Monday, 11 March 2013

Something old, something new

Due to a recent bout of frenetic stitching, my marvelous Maureen machine (technologically advanced) has gone on strike, getting stuck in bobbin mode. It was probably making a stand, having been long overdue a service, and to add insult to injury it had been recently subjected to a Thimble repair job. Not sure how I ended up with extra screws and washers after putting it back together...

Luckily waiting in the wings we have this little lovely...
Janome Novum De Luxe Mark III with vintage thread from the Maureen stash

This Janome Novum de luxe mark III was an Oxfam Christmas present and I believe it might be from the 1950s or 60s. Not only is it a beautiful design but 60 years on and it runs like a dream, without a hint of senility. There are little hidey holes for the bobbin case and the inner mechanisms. I can't get over the fact it takes today's needles - no built in obsolescence there. The bulb works so I hope it is still possible to get replacements. It weighs an absolute tonne.
Janome Novum de luxe marke III instruction book

Fabric from Frumble
Lining: cleaning cloth
I thought it a fitting juxtaposition that the first project on my new old Janome (as opposed to my old new Janome, which is having much needed rest and recuperation) has been to make a cover for my ever so 21st century tablet. The lining is a lint-free polishing cloth, so greasy fingerprints are lifted in the taking out and putting away. Clever eh?

Detachable cleaning cloth
Even cleverer or possibly getting a bit carried away is a back up polishing cloth with press stud on ribbon (the ribbon from Temporary Measure having been squirreled away waiting for just such an opportunity).

It wanted a pocket for its lead but I wanted to avoid squishing or scratching any delicate bits, so a bottom zip pocket was the order of the day.

Button by Charlotte Morrison
Last but not least, a decorative pointing hand button (Charlotte Morrison).

....too much?

*Link to Novum 3 Instruction Booklet*

Sunday, 3 March 2013


Man's Aran cardigan after a good few wears
Rowan Pure Wool Family Collection
One day I will hopefully get to finish a sweater without there being something ever so slightly or ever so majorly flawed about the finished piece. Ever the optimist, each time it happens, I just think how much more experienced I am getting with every mistake.

Pictured in grey is the man cardigan I recently finished, from the Rowan Pure Wool Family Collection. The request was for 'one of these in merino'...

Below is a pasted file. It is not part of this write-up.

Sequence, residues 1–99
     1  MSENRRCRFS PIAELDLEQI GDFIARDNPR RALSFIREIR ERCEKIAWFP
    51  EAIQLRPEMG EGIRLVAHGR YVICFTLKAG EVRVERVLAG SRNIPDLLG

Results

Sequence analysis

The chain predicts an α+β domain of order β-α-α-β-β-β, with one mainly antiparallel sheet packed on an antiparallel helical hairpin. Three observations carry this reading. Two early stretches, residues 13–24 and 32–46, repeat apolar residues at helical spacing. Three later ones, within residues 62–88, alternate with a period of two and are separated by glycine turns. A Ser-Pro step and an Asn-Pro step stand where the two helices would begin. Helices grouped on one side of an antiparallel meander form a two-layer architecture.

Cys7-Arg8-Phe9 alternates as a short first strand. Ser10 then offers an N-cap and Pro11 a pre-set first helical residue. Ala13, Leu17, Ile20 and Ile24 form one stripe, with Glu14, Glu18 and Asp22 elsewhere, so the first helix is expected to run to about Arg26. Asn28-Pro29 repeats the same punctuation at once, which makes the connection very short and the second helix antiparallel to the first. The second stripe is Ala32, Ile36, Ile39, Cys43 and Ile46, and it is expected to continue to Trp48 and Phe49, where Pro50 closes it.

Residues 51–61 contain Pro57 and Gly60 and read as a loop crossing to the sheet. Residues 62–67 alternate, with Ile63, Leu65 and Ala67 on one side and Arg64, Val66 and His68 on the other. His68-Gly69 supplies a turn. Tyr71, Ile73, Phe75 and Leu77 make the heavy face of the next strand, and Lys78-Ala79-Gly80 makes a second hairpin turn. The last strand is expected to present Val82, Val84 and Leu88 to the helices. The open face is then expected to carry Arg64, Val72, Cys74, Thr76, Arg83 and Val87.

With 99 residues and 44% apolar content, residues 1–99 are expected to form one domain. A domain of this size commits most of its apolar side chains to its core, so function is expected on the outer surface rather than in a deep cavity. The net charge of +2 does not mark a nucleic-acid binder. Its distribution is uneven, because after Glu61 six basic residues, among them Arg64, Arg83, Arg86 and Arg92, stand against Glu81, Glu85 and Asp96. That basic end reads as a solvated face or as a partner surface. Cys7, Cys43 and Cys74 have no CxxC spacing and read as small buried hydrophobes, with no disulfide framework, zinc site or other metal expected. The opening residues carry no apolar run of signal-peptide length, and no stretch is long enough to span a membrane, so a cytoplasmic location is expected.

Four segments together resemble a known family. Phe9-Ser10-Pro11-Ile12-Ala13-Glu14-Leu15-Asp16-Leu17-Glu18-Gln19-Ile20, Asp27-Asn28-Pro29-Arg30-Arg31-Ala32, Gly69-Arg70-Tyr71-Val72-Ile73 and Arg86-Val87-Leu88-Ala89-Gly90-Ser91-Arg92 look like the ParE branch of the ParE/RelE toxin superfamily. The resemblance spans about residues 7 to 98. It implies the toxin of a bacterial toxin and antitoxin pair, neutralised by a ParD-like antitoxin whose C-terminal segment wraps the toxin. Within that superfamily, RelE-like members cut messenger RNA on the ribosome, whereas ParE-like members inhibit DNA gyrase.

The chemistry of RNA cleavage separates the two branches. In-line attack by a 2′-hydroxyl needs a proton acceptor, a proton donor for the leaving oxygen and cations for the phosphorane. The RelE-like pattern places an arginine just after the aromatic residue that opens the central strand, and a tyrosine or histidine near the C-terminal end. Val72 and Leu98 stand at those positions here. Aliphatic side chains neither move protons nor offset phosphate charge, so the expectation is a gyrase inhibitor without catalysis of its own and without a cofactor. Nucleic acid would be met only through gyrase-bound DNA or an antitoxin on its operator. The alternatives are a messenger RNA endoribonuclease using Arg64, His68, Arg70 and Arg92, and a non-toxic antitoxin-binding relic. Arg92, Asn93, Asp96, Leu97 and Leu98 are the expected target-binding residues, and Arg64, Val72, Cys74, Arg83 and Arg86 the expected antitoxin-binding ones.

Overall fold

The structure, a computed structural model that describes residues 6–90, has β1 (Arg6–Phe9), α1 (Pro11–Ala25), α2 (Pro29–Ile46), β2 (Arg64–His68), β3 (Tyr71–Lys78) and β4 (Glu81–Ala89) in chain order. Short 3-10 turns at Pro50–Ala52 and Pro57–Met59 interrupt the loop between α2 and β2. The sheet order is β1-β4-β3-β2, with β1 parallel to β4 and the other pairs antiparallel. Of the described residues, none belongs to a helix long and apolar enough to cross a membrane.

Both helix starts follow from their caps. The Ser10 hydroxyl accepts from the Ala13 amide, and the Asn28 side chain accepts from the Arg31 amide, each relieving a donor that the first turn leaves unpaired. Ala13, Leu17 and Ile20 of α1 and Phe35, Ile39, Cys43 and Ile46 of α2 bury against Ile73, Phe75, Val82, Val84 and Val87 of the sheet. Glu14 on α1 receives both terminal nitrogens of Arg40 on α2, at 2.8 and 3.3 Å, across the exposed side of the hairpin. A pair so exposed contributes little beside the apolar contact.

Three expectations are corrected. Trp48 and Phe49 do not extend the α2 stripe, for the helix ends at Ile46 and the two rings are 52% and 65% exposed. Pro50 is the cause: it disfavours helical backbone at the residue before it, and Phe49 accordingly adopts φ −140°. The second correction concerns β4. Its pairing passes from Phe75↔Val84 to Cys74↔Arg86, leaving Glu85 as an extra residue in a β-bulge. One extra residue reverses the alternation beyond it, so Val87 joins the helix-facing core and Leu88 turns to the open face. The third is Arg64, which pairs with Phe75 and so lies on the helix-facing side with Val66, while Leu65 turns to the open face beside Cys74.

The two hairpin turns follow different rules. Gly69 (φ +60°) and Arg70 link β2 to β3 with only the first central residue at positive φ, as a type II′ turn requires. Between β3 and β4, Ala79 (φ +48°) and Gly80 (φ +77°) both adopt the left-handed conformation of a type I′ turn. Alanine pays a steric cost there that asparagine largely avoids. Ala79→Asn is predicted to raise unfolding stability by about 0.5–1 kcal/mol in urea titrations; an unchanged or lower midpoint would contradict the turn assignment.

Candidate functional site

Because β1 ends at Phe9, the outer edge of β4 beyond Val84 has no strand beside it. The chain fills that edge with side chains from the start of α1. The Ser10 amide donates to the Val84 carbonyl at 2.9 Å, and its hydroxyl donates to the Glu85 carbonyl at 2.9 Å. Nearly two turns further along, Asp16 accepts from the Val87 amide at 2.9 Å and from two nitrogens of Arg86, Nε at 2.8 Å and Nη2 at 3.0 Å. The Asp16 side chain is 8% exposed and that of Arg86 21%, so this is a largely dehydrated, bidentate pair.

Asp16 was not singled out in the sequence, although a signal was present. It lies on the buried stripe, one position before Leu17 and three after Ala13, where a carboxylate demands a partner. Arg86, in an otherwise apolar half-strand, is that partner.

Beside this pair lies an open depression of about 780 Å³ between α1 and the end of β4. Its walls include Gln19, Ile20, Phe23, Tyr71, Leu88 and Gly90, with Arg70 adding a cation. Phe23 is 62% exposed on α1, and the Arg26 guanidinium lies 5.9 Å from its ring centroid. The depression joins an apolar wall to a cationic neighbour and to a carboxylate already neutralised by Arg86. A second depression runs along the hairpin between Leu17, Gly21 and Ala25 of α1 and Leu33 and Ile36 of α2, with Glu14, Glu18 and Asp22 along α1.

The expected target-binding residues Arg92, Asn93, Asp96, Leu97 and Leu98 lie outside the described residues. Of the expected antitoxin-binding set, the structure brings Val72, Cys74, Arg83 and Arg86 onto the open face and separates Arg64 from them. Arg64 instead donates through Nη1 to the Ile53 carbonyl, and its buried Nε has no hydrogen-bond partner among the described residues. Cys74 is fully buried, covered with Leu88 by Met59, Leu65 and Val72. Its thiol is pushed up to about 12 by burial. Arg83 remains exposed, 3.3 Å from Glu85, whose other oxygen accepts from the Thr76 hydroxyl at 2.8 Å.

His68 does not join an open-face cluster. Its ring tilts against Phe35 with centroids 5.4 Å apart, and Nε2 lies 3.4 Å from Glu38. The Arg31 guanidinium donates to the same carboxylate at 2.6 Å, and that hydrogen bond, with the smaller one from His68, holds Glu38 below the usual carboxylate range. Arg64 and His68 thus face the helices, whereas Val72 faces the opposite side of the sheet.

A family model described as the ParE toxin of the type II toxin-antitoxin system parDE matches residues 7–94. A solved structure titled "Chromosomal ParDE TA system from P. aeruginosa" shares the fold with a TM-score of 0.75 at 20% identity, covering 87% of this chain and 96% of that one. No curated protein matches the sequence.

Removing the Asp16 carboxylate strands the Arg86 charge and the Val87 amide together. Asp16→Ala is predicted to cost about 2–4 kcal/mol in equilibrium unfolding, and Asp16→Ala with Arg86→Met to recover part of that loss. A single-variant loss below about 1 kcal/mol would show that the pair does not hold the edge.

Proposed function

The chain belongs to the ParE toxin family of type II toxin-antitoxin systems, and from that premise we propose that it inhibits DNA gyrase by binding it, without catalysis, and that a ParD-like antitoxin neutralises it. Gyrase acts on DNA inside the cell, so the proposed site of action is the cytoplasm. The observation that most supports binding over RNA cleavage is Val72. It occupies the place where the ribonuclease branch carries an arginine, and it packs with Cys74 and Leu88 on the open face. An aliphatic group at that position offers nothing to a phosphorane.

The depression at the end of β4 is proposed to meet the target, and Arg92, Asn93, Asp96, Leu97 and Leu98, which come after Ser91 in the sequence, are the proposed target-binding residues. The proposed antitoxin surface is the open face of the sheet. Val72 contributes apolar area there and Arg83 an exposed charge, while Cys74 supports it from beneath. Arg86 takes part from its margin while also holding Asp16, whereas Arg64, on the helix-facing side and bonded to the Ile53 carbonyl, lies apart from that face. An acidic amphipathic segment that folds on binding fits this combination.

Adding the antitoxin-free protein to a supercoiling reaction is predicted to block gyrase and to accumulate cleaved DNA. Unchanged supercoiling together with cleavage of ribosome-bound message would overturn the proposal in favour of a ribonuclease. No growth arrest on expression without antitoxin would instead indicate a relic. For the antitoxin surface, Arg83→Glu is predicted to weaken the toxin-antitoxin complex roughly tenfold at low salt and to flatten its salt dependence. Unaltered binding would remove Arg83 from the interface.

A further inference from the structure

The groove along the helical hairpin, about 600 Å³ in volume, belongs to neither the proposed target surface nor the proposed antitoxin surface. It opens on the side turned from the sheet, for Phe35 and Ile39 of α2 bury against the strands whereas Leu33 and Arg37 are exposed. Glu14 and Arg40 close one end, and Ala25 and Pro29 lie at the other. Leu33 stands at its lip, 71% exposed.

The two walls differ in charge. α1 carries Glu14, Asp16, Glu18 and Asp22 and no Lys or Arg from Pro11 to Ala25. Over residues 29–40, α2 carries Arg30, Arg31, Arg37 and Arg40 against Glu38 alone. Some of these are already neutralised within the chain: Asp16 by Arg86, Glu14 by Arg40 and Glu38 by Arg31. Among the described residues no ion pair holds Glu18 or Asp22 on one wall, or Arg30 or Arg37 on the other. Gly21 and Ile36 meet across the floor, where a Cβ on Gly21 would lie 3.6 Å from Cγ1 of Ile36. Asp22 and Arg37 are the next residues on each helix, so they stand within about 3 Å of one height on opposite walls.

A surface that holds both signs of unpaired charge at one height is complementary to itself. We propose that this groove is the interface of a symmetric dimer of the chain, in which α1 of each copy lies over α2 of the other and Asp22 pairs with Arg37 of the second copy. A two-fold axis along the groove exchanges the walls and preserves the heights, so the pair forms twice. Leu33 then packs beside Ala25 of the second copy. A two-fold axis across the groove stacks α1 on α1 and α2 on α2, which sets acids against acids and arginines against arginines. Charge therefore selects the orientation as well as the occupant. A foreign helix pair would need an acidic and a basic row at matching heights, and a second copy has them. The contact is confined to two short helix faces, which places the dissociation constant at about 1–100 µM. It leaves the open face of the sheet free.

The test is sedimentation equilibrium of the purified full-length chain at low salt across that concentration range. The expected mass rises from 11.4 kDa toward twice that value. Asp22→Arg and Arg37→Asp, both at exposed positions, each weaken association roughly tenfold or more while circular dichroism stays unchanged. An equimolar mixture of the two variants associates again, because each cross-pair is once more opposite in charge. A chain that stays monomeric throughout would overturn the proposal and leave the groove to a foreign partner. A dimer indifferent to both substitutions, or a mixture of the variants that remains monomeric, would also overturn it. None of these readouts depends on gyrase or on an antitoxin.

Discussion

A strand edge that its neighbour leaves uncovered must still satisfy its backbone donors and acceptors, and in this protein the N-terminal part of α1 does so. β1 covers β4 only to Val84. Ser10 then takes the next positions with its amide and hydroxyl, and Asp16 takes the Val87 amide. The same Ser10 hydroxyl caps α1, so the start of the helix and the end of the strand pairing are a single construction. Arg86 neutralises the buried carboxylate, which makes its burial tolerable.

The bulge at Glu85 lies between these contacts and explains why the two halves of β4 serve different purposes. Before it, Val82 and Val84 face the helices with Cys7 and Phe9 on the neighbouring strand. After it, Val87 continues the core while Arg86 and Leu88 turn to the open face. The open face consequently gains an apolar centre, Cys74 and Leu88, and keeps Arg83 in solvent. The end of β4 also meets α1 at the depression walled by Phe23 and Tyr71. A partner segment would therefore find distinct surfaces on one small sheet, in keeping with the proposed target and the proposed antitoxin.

After too much time going google-eyed looking for a fine merino Aran weight wool with similar knitting tension gauge and suitable colour and price (the other twisted thing about flaws being the more expensive the raw ingredients, the more painful the flaw and the more temptation to shamefacedly throw it in the bin because looking at it is a constant reminder of profligacy and overestimation of one's crafting ability), I settled on Debbie Bliss Rialto Aran in grey, which I found on sale.

I wish I had known about Ravelry back then, I might have checked out the properties of this wool before committing. Don't get me wrong, it is a beautiful wool, soft and warm and a pleasure to knit with. It does pill on wearing but nothing a bit of de-bobbling won't sort every so often. The tricky thing is the stretchiness of Debbie Bliss Rialto Aran on washing.

Determined at the outset to avoid disasters, I think I even did a tension gauge swatch before knitting (learning from the cape fiasco), and measured the subject and measured again after christmas mince pie season...So when a year later (I am easily distracted) it came to the sewing up, I was dismayed to find the jacket to be just a little too snug in the chest department, the subject not having expanded in any appreciable form.

Not to worry, Techknitter to the rescue. What we had was an emergency gusset situation.

Gussets using Techknitter technique
Gusset in situ
How gusset might appear when lifting arms aloft
A gusset  is a 'triangular or rhomboid piece of fabric inserted into a seam to add breadth or reduce stress from tight-fitting clothing'.

It was a bit fiddly sewing them in and I would have liked a neater finish but they certainly did the job and BEFORE WASHING (bw) this was a perfectly fitted man's cardigan.

After washing (aw) we seemed to have an entirely different beast. Thinking that wool is wool is wool and wool generally shrinks on drying, I washed and blocked and hand-dried flat.

Imagine my dismay when I discovered aw that the arms had increased in length by about a third (!!!) and the gussets were NO LONGER NECESSARY, the chest having 'relaxed' on washing. I wasn't relaxed. Absobloodylutely no way am I taking those gussets out.

At that point I discovered Ravelry and read a most interesting Debbie bliss Rialto Aran discussion
which had the following comments, 'This stuff blooms like crazy during blocking! It really spreads and becomes much more drapey', and my personal favourite, 'Nice to knit, but grows faster than a puppy after you wash it.' Someone recommended tumble drying which did work, though that encouraged pilling.

Buttons from TextileGarden
On the plus side, it must be comfy and warm because it has been worn lots this February but I admit I do get sad when I see the sleeves rolled up like a jam roly-poly. I did find the perfect buttons though, from TextileGarden.

I wonder if next time I should wash the pieces before making up, thus avoiding any unnecessary though not uninteresting forays into the world of gusseting....